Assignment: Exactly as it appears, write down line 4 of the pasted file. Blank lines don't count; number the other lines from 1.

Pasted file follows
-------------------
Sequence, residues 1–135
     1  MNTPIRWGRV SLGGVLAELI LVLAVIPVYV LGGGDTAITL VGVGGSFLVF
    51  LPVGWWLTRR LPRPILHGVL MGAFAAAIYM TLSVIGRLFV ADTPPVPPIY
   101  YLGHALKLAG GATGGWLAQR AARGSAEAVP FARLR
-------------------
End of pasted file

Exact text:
   101  YLGHALKLAG GATGGWLAQR AARGSAEAVP FARLR